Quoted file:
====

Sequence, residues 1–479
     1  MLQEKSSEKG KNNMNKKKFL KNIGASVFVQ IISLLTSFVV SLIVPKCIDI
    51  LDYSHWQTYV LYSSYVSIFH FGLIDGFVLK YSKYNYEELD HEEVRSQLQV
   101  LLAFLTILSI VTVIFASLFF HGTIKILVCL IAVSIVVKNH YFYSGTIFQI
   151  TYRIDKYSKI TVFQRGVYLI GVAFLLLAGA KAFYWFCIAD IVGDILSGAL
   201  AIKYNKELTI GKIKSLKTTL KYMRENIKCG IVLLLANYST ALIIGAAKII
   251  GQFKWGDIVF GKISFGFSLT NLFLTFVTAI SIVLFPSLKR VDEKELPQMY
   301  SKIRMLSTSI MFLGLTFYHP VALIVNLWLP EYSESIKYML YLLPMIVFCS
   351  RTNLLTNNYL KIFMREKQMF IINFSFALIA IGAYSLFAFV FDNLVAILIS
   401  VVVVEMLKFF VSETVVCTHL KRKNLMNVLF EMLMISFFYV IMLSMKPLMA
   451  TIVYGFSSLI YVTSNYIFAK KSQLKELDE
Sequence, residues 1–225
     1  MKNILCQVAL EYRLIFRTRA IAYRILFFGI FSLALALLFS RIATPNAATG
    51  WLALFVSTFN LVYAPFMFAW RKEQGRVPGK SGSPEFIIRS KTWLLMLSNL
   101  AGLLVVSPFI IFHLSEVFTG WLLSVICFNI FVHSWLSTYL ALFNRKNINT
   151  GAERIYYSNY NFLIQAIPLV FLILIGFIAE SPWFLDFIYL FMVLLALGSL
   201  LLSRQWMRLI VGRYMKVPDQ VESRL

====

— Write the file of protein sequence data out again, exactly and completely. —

Sequence, residues 1–479
     1  MLQEKSSEKG KNNMNKKKFL KNIGASVFVQ IISLLTSFVV SLIVPKCIDI
    51  LDYSHWQTYV LYSSYVSIFH FGLIDGFVLK YSKYNYEELD HEEVRSQLQV
   101  LLAFLTILSI VTVIFASLFF HGTIKILVCL IAVSIVVKNH YFYSGTIFQI
   151  TYRIDKYSKI TVFQRGVYLI GVAFLLLAGA KAFYWFCIAD IVGDILSGAL
   201  AIKYNKELTI GKIKSLKTTL KYMRENIKCG IVLLLANYST ALIIGAAKII
   251  GQFKWGDIVF GKISFGFSLT NLFLTFVTAI SIVLFPSLKR VDEKELPQMY
   301  SKIRMLSTSI MFLGLTFYHP VALIVNLWLP EYSESIKYML YLLPMIVFCS
   351  RTNLLTNNYL KIFMREKQMF IINFSFALIA IGAYSLFAFV FDNLVAILIS
   401  VVVVEMLKFF VSETVVCTHL KRKNLMNVLF EMLMISFFYV IMLSMKPLMA
   451  TIVYGFSSLI YVTSNYIFAK KSQLKELDE
Sequence, residues 1–225
     1  MKNILCQVAL EYRLIFRTRA IAYRILFFGI FSLALALLFS RIATPNAATG
    51  WLALFVSTFN LVYAPFMFAW RKEQGRVPGK SGSPEFIIRS KTWLLMLSNL
   101  AGLLVVSPFI IFHLSEVFTG WLLSVICFNI FVHSWLSTYL ALFNRKNINT
   151  GAERIYYSNY NFLIQAIPLV FLILIGFIAE SPWFLDFIYL FMVLLALGSL
   201  LLSRQWMRLI VGRYMKVPDQ VESRL